Rose Point — M. C. A. Hogarth

I dived straight into this after Earthrise and just like Earthrise, i really enjoyed it.

This time we go off around the galaxy with our intrepid crew starting with a strange planet that breeds horses where Hirianthial is kidnapped (again) and because of complications from that we then have to go to the world of the Eldritch where we begin to find out what they’re all about and why they’re so secretive.   Yes folks, lots of secrets, Queens, castles, nefarious plots and everything needed to spice it all up.   It seems the Queen has big plans for Reese, but are Reese and the crew ready for the world of the Eldritch and is the world of the Eldritch ready for Reese and the crew?

All good stuff.   These are big long books that really give value for money and, without pause, i’m diving straight into Laisrathera.

M. C. A. Hogarth’s Page

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Earthrise — M. C. A. Hogarth

Super duper stuff.

If you enjoyed Firefly then this should be quite up your alley.   However, unlike Firefly we don’t just have humans, we are set in a far distant future where humans have made genetically modified people mixed with cats and other creatures.   So now we have cat people who can’t stop wanting to have sex with any humanoid that comes within sight, griffins, centaurs, advanced mind reading Elven types and other things besides — all on spaceships and stuff.

And there’s pirates and slavers and some nice police/military types that actually help normal people (it’s a strange future when the police/military types are actually helping the good guys).

A very good start to this tetralogy and i’m now off into the second book, Rose Point, for more fun adventures with our bizarre and wonderfully strange mix of crew mates.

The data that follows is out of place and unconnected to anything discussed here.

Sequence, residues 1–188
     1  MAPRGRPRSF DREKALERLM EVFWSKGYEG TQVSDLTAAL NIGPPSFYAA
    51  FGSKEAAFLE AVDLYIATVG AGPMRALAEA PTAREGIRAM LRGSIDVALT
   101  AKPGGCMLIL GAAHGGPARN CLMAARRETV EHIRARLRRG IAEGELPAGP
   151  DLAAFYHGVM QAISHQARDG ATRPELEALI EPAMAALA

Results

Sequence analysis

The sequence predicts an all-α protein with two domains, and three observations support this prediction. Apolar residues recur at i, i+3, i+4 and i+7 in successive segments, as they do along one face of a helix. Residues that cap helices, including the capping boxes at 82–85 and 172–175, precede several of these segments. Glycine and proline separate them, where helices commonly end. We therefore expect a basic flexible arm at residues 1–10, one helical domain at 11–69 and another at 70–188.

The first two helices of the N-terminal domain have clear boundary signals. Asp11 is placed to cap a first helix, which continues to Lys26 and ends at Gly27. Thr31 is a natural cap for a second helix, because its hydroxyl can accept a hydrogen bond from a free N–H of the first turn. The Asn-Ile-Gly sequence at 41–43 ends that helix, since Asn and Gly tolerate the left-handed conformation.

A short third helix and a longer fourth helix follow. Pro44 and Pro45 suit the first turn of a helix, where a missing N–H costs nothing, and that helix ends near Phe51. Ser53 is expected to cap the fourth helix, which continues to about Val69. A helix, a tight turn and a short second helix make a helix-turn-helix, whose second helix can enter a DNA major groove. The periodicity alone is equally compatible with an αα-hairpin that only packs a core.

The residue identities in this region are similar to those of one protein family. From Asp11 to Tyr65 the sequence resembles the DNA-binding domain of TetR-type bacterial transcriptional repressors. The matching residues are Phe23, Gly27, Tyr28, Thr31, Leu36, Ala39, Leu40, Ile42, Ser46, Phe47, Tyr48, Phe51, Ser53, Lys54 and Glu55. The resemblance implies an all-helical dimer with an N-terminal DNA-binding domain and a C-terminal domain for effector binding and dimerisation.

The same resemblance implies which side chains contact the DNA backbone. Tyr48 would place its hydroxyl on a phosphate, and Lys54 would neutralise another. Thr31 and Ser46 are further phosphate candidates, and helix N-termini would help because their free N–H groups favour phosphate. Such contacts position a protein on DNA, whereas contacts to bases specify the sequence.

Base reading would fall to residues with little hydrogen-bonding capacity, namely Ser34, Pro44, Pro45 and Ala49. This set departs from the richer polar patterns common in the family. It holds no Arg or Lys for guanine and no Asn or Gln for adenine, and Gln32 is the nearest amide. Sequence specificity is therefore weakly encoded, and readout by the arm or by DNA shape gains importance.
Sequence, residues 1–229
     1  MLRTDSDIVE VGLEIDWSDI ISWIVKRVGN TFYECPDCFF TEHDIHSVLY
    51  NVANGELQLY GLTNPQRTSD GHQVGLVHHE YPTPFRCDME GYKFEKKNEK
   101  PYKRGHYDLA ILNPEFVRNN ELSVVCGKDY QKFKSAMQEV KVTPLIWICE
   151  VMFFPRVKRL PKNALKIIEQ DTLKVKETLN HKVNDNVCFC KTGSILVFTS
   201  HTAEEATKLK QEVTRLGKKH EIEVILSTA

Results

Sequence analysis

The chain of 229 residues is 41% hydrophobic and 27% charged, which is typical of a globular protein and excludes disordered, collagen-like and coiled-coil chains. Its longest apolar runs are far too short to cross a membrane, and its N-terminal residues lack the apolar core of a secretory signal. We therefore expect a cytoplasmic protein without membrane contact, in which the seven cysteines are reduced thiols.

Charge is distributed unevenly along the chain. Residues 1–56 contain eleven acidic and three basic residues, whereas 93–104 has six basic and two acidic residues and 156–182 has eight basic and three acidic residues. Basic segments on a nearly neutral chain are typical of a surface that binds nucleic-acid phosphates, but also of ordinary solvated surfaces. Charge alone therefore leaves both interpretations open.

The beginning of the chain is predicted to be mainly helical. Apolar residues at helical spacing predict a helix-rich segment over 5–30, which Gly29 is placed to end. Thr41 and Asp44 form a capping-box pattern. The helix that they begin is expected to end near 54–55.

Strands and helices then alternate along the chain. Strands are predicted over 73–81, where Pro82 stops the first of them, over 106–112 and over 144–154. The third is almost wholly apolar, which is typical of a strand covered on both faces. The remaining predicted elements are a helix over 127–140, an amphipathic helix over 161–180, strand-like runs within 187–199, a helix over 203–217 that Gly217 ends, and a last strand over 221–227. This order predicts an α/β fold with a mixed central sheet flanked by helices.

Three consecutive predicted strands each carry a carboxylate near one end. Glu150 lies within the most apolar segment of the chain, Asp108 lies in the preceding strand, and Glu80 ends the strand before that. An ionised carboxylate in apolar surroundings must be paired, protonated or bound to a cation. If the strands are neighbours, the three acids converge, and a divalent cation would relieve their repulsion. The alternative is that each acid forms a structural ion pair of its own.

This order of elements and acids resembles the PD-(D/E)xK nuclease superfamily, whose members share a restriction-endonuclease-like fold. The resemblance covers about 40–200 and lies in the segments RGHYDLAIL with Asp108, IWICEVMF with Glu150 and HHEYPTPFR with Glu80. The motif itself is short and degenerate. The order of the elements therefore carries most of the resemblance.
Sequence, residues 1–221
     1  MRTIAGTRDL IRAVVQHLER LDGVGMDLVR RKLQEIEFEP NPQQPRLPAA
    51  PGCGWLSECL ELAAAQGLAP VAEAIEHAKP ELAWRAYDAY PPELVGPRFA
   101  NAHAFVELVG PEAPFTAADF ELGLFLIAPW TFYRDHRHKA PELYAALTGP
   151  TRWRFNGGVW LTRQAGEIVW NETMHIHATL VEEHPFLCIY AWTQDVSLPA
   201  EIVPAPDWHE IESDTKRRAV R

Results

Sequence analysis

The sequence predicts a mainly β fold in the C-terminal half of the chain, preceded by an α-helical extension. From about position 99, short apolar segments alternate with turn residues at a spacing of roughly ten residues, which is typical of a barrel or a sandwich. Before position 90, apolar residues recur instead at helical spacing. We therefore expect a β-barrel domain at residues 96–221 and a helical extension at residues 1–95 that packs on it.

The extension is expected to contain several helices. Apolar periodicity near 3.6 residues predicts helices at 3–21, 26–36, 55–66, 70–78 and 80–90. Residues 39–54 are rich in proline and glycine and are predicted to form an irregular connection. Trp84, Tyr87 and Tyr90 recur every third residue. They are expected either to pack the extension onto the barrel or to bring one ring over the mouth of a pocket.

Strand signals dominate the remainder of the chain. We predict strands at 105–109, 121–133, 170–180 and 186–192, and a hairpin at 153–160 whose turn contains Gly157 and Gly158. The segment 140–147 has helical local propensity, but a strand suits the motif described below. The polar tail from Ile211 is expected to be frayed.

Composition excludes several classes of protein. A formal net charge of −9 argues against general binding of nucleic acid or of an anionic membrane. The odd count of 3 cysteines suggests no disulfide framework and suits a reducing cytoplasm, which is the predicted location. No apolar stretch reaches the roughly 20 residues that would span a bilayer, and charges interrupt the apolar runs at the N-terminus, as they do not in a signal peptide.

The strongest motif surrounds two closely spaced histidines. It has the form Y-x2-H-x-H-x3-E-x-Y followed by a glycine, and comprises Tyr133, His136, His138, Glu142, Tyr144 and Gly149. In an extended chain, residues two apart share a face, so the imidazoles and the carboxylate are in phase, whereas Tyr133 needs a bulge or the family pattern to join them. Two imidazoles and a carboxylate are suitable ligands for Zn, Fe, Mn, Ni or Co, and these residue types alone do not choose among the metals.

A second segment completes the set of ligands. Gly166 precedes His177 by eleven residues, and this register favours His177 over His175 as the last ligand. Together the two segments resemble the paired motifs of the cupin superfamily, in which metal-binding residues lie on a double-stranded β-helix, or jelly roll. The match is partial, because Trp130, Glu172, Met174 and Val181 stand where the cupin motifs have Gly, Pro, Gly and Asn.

M. C. A. Hogarth’s Page

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March of the Lemmings — Stewart Lee

It came up for £1.19 on an Amazon deal, or something like that, so i gave it a go.

As a stand up comedian i think Stewart Lee is really good and very enjoyable to watch: if you’re a person of lower intelligence then you will probably disagree with that statement, that’s fine, really, we can’t all be part of the liberal intelligentsia.

But as a newspaper columnist, he pretty much sucks donkey balls.   So why did i buy this book when, after all is said and done, it’s just lots of his newspaper columns regurgitated with foot notes?   Because i don’t read newspapers and had no idea that he sucked so badly at writing columns for them.   But i do now.

To be fair though, it’s hard to ridicule and take the urine out of a bunch of narcissistic psychopaths and sociopaths — the career politicos of our age — when they themselves revel in being caricatures of their own urine, faecal and menstrual stains and happily parade their utter incompetence across all public realms for all to see: which bizarrely does actually encourage middle england to eagerly clamour and queue to vote for more.   Why even attempt this satire and/or parody or whatever it is?   Because the newspaper offered him money to make the attempt because David Mitchell wasn’t up for it and he’d have been a fool to not take said money: he’s got a mortgage to pay after all.